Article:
With how sophisticated the SEO tactics have become, it shouldn’t come as a surprise that there are ways that can help your web page rank higher that go deeper than simply optimizing on-page content and implementing off-page SEO activities.
One such tactic is adding Schema Markup to your webpage, a small piece of code that can give you extra advantages. Let’s break down how it works.
Schema Markup can be found on schema.org, a website that is a collaborative creation of four major search engines: Google, Yahoo, Bing, and Yandex. Its ultimate goal is to structure the content so that search engines can understand it better. This improved understanding is supposed to help search engines optimize the search results and display the ones that fit the audience requests best.
Schema markup is a piece of code; microdata, sometimes described as “semantic tag vocabulary,” you add to your HTML to give search engines more precise information about your webpage.
Structured data helps the search engines with categorizing your content by pairing a name with a specific value. Search engines then use this data to index your content.
Microdata is a specific form of structured data working with HTML5.
Schema.org provides the definitions for microdata tags, a particular set that was agreed upon by its creators.
Adding schema markup to your HTML code not only improves your ranking but also improves the way your content is displayed by the search engines. Schema adds snippets of information relevant to the content under the title, ostensibly generating more potential interest among the target audience.
Usually, when your content is displayed on Google, the information displayed under the title is either chosen by Google itself or is, at most, an optimized meta description.
Implementing schema will enrich the display by adding star ratings, publication dates, etc. Content that displays rich snippets of the information under the title has a better click-through rate, which can help with SEO and SERP ranking. For most optimal results, you’ll need to experiment with your schema markup to gather data about your audience behavior.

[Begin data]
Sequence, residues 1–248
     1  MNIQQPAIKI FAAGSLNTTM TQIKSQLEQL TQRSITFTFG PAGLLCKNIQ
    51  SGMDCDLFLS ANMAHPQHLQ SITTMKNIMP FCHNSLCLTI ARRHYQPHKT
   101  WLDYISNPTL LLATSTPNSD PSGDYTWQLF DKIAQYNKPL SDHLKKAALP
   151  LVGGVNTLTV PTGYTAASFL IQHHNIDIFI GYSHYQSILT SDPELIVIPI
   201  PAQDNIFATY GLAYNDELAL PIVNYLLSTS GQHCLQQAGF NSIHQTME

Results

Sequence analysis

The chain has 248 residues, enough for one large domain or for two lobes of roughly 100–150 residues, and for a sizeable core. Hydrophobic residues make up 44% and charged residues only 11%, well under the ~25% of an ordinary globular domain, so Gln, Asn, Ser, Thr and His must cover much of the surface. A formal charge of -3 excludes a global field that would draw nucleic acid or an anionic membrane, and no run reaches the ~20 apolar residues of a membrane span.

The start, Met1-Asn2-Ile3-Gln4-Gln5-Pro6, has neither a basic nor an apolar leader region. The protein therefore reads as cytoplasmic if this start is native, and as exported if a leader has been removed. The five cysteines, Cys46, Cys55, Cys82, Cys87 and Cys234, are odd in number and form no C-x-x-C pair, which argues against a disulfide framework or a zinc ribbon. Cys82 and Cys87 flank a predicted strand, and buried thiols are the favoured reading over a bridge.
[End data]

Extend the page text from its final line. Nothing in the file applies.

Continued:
Once you’ve got structured data, you can mark up all sorts of information, be it an event, a product, or a brand. The rich snippets that schema markup adds to your content can increase the presence of your brand or product, attracting a larger audience and maintaining interest.
Schema.org has been successfully used to mark up various types of content, including (but not limited to):
There are quite few debates about whether schema’s structuring capabilities help with SERP positions. The theory is that search engine algorithms prioritize content they can quickly identify and match with their search queries.
Adding schema to your website will give the search engines a more precise idea of what your content is about by structuring it in an optimal way. This added structure, in turn, will allow the search engine to crawl better and match the content with the queries.
As a result, your website will rank higher, because schema provided the engines with additional information about your content that allowed for more precision with the search queries than your competitors who don’t have schema markup implemented (according to current data, only around 1/3 of websites use schema).
However, as of yet, there’s no conclusive evidence that schema markup structuring your data makes it more appealing for search engines. In this regard, schema is more beneficial for audience attraction and improving click-through rates.
As of right now, there’s no clear information on how other search engines use schema markup when displaying search results, or whether they use it at all.
For those who don’t know, Open Graph by Facebook is also a type of markup. It’s used to filter information to better decide which images, descriptions, etc. to display to improve the content’s performance. That said, Schema provides a more detailed list of options compared to Open Graph and can be used in a broader capacity.
So, in a sense Schema can replace Open Graphs, while Open Graph cannot replace schema. Those in the know, though, say that they can be used together rather effectively, if the user plays to the stronger side of each markup.